Multiple myeloma is the most common hematological malignancy. It forms in plasma cells, white blood cells found mainly in the bone marrow that protect the body from infection by producing antibodies. When these cells become malignant, abnormal plasma cells accumulate in the bone marrow, producing abnormal antibodies and crowding out normal blood-forming cells. Some of these abnormal cells, known as circulating multiple myeloma cells (CMMC), escape from the primary tumor space and travel through the bloodstream.
Current approaches for diagnosing patients with multiple myeloma require bone marrow aspiration and biopsy. These are invasive procedures that use a hollow needle inserted into the hipbone or breastbone to remove bone marrow, blood, and a small piece of bone. While generally safe, bone marrow exams can result in excessive bleeding, infection, and long-lasting discomfort.
The EARLY Act is making progress toward passage in the Congress. To learn more about the bill and register your support with your senators, visit http://earlyactawareness.org. Thanks to recent changes, the bill is now supported by the American Cancer Society.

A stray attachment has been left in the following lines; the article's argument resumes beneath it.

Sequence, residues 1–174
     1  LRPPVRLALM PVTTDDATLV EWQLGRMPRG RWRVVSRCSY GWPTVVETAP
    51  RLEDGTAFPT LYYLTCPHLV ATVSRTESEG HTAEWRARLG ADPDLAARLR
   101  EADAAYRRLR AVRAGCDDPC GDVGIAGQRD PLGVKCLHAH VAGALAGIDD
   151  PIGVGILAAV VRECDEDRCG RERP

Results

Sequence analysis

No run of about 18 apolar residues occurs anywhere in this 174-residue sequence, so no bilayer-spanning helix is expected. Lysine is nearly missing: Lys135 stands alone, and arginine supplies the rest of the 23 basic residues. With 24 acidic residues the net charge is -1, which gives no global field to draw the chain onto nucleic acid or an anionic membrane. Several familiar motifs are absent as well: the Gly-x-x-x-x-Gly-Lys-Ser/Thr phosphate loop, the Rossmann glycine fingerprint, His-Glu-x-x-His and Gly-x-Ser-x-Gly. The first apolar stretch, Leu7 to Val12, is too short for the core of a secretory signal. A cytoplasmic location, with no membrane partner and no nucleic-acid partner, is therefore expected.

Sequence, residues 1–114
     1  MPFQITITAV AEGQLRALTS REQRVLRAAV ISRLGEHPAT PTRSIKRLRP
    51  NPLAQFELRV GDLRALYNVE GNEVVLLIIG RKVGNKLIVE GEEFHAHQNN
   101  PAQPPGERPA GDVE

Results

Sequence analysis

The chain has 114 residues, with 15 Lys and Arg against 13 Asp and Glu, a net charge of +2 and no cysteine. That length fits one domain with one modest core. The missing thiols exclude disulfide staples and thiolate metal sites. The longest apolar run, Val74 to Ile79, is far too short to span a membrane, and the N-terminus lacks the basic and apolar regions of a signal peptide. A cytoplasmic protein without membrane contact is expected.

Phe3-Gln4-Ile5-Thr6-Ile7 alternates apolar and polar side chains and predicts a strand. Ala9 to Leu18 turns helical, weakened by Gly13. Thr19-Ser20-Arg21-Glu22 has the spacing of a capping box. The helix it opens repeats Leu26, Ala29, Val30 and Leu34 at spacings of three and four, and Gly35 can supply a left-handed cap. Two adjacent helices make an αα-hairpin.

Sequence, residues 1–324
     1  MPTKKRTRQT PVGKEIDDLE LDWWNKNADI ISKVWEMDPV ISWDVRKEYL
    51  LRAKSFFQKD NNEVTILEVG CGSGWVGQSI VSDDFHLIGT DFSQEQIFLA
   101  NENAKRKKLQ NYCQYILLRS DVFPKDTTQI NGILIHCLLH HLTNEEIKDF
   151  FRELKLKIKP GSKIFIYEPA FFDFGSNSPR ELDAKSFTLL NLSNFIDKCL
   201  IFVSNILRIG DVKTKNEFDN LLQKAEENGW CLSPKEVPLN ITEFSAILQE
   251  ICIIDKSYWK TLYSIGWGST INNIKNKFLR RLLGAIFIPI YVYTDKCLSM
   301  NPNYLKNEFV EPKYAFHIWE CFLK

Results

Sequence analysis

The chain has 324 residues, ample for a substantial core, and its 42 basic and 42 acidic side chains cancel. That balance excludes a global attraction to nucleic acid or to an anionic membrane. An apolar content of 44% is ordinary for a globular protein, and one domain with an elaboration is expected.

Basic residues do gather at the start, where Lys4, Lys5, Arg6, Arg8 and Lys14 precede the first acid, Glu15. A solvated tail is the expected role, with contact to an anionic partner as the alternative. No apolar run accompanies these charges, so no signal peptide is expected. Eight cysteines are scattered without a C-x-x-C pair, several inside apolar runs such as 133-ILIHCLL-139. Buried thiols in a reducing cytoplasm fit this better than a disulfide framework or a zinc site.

Dowling & Dennis has been working with the nonprofit Tigerlily Foundation and NeoMatrix, makers of the HALO Breast Pap Test, to get this legislation passed. Among other activities we have:
* Assisted the Tigerlily Foundation with a major Capitol Hill event; and
* Worked with breast surgeon Ernie Bodai, MD, to place his op-ed piece in the Sacramento Bee.
* Done outreach to all the major breast cancer advocacy and clinical organizations;
* Helped create the EARLY Act Website;
This valuable legislation would provide federal funding for educating young women and healthcare professionals about breast cancer in women 45 and younger. That age group accounts for more than 5% of the total breast cancer cases in the US every single year. The bill provides for $45 million in funding over five years.
Along with Tigerlily, NeoMatrix is committed to educating young women about what they can do to avoid breast cancer, and how they can assess their individual risk of getting the disease – thereby taking steps to potentially protect themselves against ever getting breast cancer.
Rep. Debbie Wasserman Schultz, herself a breast cancer survivor, is the original author of the bill. It’s being carried in the Senate by Amy Klobuchar. The EARLY Act has more than 360 cosponsors in the House and more than 30 in the Senate.